Why we geeked
At midnight tonight, the whole world will proclaim its geekness.
That’s when Star Wars: The Force Awakens officially opens, and it may go on to be the biggest box office hit to date.
No one is going to hide the fact that they are going to the movie.
No one is going to hide a Star Wars shirt under a YourLocalSportsFranchiseHere shirt, and then take off the camouflage before going into the theatre.
Every mainstream news outlet on TV will have a story about it. Even The Economist has found not one, but multiple angles for stories.
It wasn’t always that way.
When I was a kid, loving science fiction and fantasy cut you out of the inner circle.
That doesn’t mean that we all hid it. I never hesitated to be seen reading a current science fiction novel…or one from the 1930s…or the 1800s.
I think it’s safe to say that there were a core of us who were never ashamed of being geeks. Some of us might find each other in school and hang out, but if we weren’t part of the social scene, so be it. We had worlds to visit.
I was lucky enough, in high school, to be able to take a science fiction elective. I had a wonderful teacher…we weren’t made to take the joy out of geeky literature in order to dissect it and look at it dispassionately in order to give it gravitas. We often got to choose or suggest books. My teacher was as willing to learn as to teach, which is one of the things that can make a great teacher.
As a result of that class, we did form a club, and we did publish a “fanzine”. We even had a library.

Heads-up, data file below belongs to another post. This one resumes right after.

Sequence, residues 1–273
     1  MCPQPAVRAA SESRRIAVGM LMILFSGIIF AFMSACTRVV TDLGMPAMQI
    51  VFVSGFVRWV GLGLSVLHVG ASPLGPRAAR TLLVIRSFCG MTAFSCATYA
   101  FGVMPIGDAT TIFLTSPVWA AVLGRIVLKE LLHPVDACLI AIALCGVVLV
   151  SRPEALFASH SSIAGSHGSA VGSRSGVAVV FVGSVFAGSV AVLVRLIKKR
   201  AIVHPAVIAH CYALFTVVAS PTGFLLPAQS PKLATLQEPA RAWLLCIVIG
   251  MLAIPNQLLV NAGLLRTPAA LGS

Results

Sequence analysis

It’s safe to say, though, that while there were tremendous benefits to being a geek, there were costs, too.
So, why do it?
It’s easier to give a reason now: geek is the in crowd. The biggest movies, TV shows, and even some of the biggest books are geek-friendly. There is even a stereotype of people being fake geeks…I don’t find that to be impossible (I’m sure some geeks have pretended to be sports fans from time to time to fit in…not that some geeks aren’t big sports fans in reality and vice versa, of course), but I think it can be…unfairly belittling. For me, part of being a geek is embracing diversity, and that should include being accepting of people who don’t know the difference* between Star Wars and Star Trek, or are new to the party, or who like what you may derisively call “skiffy”.**
Embracing diversity: certainly, that’s one of the reasons people were geeks pre-1977 (when the first Star Wars movie was released and became a big hit).
While there is no question that geek-friendly works could be full of prejudice (racial, class, sexism…and a noted lack of diverse characters in terms of sexuality), they were also a place where an alien could be a hero, and women could be social equals.
Before I give some examples of that, I’d better define what I mean by geek-friendly, although I’ve done that before in the blog.
In a geek story, there is something to it that is impossible in consensus reality. It might be that there are dragons or spaceships or telepathy. For more of a discussion of that, see
Since they are outside of consensus reality, they have often been able to “get away” with showing things outside of social norms as well.
Let’s take the idea of women as social equals.
I wrote an appearance by Gerry Carlyle, the “Interplanetary Huntress”. Carlyle, who originally appeared in stories in the 1930s an 1940s, was not only a superior adventurer, she was the captain of the ship. Her love interest, a man, was clearly the less powerful one of the pair.
That would have been a very difficult sale to a mainstream audience.
Think it would have been tough in the 1930s?
How about the 1870s, when Edward Bulwer-Lytton’s The Coming Race had women as the dominant gender?